New Patented Process of Producing an Antioxidant for Food and Cosmetic Industries Wins 2015 UCD Life Science Innovation Sprint AwardWednesday, 15 April, 2015
An early-stage business idea to commercialise a new patented process of producing Hydroxytyrosol, an effective antioxidant, for use in the food and cosmetics industries, has been declared winner of the 2015 UCD Life Science Innovation Sprint Programme.
The new process can produce this antioxidant more efficiently and more economically than the current process and in a form purer than occurs naturally.
The UCD Life Science Innovation Sprint Programme is a 1-day initiative designed and delivered by UCD’s technology transfer and enterprise development teams at NovaUCD in collaboration with the UCD Earth Institute.
It aims to encourage the development of commercial outputs arising from UCD Life Science research by engaging with UCD researchers at an earlier stage in the commercialisation process.
Antioxidants are molecules that block the activity of other chemicals known as ‘free radicals’ which are highly reactive and have the potential to cause damage to human cells leading to many types of cancer, brain and heart diseases.
Some antioxidants are made naturally by the body but others, made synthetically or in nature, can be obtained from external sources, such as in diet and dietary supplements.
Given the increased awareness of the potential health benefits of dietary and antioxidant supplements in disease prevention there has been a significant growth in the last decade in the market for antioxidants used in nutraceuticals, functional foods, food preservatives and cosmetics.
Hydroxytyrosol is a very effective antioxidant with significant commercial potential in the food and cosmetic industries. However the natural extract is not pure and the synthetic version, while pure, is highly priced. High purity is required in industry to allow control of product formulations.
Until now there has been no efficient and economical process to manufacture Hydroxytyrosol with high purity.
The winning business idea which has emerged from the 2015 UCD Life Science Innovation Sprint Programme is based on commercialising a new patented process of synthesising Hydroxytyrosol significantly cheaper than the currently available method and significantly purer than the natural extract.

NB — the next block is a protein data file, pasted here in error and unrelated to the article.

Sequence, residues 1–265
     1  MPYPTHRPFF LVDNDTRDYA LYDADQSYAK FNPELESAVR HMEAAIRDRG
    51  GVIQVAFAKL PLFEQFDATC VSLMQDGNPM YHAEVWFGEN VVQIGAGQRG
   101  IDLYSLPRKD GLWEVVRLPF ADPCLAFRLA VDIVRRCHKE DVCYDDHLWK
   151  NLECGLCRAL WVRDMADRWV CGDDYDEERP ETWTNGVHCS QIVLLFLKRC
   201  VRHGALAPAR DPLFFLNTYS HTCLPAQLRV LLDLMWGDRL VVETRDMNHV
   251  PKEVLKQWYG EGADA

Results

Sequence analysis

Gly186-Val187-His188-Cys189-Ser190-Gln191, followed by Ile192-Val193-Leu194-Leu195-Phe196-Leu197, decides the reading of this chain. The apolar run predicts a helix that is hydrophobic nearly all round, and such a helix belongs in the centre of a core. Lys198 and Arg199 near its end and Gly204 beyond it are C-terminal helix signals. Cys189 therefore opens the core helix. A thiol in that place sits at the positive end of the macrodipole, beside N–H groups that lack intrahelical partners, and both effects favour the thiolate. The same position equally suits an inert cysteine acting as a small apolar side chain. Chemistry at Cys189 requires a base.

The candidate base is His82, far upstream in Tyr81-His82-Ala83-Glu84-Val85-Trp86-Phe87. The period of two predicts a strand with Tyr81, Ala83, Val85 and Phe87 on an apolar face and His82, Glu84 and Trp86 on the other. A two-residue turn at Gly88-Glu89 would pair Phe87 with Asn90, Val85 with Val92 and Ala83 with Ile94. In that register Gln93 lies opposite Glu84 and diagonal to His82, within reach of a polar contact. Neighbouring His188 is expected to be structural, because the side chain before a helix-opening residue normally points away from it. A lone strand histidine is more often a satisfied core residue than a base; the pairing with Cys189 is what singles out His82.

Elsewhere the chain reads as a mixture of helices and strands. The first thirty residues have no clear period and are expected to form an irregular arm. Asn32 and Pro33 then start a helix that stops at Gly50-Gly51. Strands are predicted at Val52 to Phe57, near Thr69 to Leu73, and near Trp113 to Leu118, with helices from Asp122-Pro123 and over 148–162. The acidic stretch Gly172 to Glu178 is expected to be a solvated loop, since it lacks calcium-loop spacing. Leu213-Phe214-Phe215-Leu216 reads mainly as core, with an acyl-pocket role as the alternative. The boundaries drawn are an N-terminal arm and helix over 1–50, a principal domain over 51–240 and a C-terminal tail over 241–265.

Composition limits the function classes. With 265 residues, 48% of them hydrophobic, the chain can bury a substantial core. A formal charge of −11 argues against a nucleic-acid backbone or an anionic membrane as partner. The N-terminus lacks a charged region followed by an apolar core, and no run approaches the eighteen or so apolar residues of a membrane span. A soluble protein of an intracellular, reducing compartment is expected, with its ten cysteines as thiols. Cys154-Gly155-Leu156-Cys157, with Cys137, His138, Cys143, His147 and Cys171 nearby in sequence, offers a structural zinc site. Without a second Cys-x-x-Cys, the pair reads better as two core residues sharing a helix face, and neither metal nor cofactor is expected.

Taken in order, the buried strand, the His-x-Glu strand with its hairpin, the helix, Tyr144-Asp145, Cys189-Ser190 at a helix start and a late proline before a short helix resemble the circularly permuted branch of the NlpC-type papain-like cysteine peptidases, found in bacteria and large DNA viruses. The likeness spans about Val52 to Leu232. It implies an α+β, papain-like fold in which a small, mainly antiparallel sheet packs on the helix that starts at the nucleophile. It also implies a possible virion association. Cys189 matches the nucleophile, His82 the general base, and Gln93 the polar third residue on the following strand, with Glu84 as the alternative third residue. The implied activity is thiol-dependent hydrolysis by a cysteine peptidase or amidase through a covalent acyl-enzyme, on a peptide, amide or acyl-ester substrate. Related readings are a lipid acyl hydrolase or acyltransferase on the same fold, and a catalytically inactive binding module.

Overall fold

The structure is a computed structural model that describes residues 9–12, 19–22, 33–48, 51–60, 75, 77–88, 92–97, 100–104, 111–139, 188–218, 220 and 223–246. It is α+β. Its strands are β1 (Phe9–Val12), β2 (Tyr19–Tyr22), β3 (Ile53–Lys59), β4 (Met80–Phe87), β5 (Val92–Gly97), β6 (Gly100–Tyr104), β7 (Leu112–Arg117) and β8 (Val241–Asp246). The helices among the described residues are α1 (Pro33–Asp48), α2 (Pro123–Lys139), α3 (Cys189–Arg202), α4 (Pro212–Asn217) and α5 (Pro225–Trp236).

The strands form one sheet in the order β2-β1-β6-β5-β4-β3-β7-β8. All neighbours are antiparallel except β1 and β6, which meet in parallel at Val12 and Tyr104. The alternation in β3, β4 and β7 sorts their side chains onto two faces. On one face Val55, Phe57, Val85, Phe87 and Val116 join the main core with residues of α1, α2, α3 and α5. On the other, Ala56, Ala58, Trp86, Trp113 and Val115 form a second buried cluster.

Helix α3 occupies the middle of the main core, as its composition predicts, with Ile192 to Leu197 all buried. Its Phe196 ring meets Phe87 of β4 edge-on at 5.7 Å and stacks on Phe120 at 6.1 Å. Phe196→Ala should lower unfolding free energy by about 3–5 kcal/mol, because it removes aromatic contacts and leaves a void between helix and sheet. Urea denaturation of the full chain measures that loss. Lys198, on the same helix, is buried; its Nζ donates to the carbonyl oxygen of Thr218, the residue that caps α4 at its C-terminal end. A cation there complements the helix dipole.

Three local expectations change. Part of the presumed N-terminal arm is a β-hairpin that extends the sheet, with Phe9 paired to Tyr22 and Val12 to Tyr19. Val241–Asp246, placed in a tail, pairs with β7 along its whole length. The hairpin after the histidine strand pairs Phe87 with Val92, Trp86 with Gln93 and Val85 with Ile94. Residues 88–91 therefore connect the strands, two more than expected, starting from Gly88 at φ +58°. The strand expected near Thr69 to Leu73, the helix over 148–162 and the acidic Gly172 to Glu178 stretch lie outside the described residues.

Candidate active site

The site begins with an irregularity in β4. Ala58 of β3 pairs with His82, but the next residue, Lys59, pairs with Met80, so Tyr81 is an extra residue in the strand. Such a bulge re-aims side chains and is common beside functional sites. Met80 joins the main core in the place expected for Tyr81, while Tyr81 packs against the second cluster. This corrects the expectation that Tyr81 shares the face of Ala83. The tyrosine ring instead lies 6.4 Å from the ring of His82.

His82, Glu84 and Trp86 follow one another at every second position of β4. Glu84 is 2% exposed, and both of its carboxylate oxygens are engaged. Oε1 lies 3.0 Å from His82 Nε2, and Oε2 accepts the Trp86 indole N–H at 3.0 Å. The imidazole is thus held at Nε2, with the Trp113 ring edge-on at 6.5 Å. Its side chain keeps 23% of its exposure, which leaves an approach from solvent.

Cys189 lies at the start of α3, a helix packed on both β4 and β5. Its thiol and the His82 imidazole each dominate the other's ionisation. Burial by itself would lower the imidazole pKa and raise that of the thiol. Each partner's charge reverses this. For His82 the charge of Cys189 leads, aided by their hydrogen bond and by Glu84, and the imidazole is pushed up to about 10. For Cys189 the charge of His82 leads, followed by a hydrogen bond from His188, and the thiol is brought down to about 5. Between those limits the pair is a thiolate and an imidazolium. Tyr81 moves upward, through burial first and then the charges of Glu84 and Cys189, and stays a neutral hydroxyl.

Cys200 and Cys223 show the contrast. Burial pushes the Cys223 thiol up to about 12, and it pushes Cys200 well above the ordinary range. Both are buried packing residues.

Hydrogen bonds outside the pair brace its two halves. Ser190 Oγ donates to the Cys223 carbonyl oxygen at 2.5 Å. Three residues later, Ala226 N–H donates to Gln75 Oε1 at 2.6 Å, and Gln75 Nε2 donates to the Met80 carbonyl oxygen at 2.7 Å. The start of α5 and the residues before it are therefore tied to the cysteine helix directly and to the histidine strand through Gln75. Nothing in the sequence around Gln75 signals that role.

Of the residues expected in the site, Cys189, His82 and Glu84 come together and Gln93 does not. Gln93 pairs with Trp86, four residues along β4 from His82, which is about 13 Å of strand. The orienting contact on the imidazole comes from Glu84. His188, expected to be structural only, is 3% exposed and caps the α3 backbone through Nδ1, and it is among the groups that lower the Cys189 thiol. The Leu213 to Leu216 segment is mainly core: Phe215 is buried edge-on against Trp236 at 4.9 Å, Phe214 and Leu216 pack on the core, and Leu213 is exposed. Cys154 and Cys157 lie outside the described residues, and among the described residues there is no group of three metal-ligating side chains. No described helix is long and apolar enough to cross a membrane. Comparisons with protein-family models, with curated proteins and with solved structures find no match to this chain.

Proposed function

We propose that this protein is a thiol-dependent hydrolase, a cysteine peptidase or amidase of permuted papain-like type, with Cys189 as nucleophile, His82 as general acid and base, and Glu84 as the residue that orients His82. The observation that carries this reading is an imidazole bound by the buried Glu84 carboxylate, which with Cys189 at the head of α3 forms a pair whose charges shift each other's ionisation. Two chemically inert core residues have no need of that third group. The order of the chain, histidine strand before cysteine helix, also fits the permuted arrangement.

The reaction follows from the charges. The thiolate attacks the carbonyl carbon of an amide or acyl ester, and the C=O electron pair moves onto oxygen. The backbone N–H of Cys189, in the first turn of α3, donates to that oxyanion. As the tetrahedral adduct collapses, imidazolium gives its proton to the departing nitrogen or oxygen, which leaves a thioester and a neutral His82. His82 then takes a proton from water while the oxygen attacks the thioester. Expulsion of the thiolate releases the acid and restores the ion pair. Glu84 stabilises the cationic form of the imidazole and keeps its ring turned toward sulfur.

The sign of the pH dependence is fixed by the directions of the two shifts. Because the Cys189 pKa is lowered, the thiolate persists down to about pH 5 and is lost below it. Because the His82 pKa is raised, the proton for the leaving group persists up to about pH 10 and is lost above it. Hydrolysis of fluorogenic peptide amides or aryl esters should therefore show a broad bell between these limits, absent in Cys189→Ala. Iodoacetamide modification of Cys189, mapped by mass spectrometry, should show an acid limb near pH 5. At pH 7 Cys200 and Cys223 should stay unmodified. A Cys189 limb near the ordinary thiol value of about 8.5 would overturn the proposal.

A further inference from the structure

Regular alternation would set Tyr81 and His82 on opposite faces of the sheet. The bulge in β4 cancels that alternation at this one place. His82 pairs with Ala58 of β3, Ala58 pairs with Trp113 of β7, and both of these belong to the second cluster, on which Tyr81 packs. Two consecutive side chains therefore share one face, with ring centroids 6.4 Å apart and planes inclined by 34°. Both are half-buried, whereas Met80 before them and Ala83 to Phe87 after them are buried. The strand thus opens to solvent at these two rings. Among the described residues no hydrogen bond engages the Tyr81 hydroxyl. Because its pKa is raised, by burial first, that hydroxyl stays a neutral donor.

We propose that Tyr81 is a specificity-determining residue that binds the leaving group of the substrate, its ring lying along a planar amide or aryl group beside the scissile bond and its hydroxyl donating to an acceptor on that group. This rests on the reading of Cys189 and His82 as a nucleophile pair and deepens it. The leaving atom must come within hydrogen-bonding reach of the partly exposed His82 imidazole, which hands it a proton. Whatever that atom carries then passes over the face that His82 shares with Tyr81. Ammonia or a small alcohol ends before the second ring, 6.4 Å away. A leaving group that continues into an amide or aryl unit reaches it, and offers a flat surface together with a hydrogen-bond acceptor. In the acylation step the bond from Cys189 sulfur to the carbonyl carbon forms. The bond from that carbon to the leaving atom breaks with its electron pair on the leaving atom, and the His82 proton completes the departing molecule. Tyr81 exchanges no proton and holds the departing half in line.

The promoter of this early-stage business idea is Dr Reeta Davis who is based at the UCD Earth Institute. Dr Davis is a post-doctoral scientist working under the supervision of Professor Kevin O’Connor in the UCD School of Biomolecular and Biomedical Science and UCD Earth Institute.
Speaking at the presentation of the Award, Brendan Cremen, UCD Director of Enterprise and Commercialisation said, “I would like to congratulate Dr Reeta Davis on winning the 2015 UCD Life Science Innovation Sprint Award. This new process developed here at UCD of producing this antioxidant in a simpler, faster and more economical way than existing methods has the potential of making a significant impact on the antioxidant market for the food and cosmetic industry.”
“Our objective with the Sprint Programmes is to engage with UCD researchers at an earlier stage in the commercialisation process and to use internal and external experts to assist them in understanding and defining more clearly the commercial potential of the outputs emerging from their world-class research activities.”
He added, “Our team at NovaUCD was delighted to have worked again in partnership with the UCD Earth Institute in the design and delivery of this Sprint programme, which is focused on testing new business ideas in an exciting and fun environment.”
During the 1-day UCD Life Science Innovation Sprint Programme a number of internal and external technology and business professionals collaborated with the UCD researchers to explore the commercial potential of transforming their research ideas into early-stage life science business ideas.
At the end of the programme Dr Davis was presented with an award and a €1,000 prize fund to assist her to further develop the business idea, as it was judged to have the most commercial potential.
Speaking after the programme Dr Mairin Rafferty, CEO, OncoMark and a member of the judging panel, said, “I would like to congratulate all the participants who took part in the UCD Life Science Innovation Sprint Programme, especially the overall winner Dr Reeta Davis. I was very impressed with the commercial potential of all the life science business ideas, which are emerging from UCD research programmes, and which were presented at this Sprint Programme.”
The 2015 UCD Life Science Innovation Sprint Programme, which took place at NovaUCD, involved a total of 6 early-stage life science business ideas being developed by UCD researchers and scientists.
The other researchers, in addition to Dr Davis, who took part in the Programme were;
- Professor Emma Teeling, UCD Earth Institute and UCD School of Biology and Environmental Science - Laboratory of Molecular Evolution and Mammalian Phylogenetics
- Dr Joanna Kacprzyk, post-doctoral researcher, UCD Earth Institute and UCD School of Biology and Environmental Science - Laboratory of Molecular Evolution and Mammalian Phylogenetics
- Dr Federico Cerrone, post-doctoral researcher, UCD Earth Institute and UCD School of Biomolecular and Biomedical Science
- Thawfeek Varusai, PhD student, Systems Biology Ireland
- Laura Quinn, PhD student, UCD Earth Institute and UCD School of Biomolecular and Biomedical Science
- Dr Jens Rauch, Systems Biology Ireland.
The members of the judging panel for the 2015 UCD Life Science Innovation Sprint Programme were Dr Mairin Rafferty, CEO, OncoMark; Dr Robert Williams, Chief Scientific Officer, Life Scientific and Brendan Cremen, UCD Director of Enterprise and Commercialisation.
This is the third 1-Day Sprint Programme delivered at UCD, the other two were held last year and focused on CleanWeb and Agri-Food business opportunities.